Agronomy and Horticulture Department

 

Title

The Dihybrid Cross and Independent Assortment

Date of this Version

2003

Document Type

Article

Citation

Plant and Soil Sciences eLibrary (PASSeL) Lesson

Comments

Copyright © 2003 Don Lee. Used by permission.

Development of this lesson was supported in part by Cooperative State Research, Education, & Extension Service, U.S. Dept. of Agriculture under Agreement Number 98-EATP-1-0403 administered by Cornell University and the American Distance Education Consortium (ADEC). Any opinions, findings, conclusions, or recommendations expressed in this publication are those of the author and do not necessarily reflect the view of the U.S. Department of Agriculture.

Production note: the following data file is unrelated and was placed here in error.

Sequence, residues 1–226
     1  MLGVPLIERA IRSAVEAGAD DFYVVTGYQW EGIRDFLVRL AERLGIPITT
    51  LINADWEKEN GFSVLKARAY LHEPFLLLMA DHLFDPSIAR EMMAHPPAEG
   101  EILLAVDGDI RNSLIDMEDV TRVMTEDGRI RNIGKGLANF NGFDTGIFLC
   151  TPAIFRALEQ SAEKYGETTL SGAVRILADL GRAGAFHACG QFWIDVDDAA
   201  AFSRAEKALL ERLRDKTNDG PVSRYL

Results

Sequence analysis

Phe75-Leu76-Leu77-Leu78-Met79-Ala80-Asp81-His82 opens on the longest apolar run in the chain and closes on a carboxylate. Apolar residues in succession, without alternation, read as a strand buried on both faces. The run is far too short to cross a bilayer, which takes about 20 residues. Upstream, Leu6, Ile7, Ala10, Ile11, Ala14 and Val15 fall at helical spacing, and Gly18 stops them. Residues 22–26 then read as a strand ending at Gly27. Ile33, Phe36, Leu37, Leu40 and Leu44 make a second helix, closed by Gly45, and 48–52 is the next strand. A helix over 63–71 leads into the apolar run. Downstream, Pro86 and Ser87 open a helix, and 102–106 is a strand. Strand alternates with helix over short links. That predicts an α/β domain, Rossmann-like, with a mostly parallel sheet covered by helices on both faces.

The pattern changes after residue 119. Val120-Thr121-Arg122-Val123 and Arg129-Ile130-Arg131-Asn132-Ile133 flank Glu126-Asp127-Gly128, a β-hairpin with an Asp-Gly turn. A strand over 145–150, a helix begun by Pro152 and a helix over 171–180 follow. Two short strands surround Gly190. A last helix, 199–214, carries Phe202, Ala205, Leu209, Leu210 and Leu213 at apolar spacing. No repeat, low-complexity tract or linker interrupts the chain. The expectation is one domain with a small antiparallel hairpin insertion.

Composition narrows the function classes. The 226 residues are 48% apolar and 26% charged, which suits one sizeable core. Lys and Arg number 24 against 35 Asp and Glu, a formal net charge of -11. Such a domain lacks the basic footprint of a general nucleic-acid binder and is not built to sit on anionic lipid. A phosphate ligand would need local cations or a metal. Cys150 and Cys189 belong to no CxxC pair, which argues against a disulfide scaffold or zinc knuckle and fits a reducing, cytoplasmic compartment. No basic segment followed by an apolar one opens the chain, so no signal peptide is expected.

Abstract

Examines the principle of segregation versus the principle of independent assortment and their effects on genetic data; and the concept of dominance.

Objectives

  1. Compare the principle of segregation to the principle of independent assortment.
  2. Use the principles of segregation and independent assortment to explain the results observed in genetic data sets.
  3. Recognize that environment and genetics play a role in the expression of phenotype.
  4. Contrast complete dominance with a lack of dominance.
  5. Make predictions in dihybrid crosses using simple Punnet squares and the principles of independent assortment.

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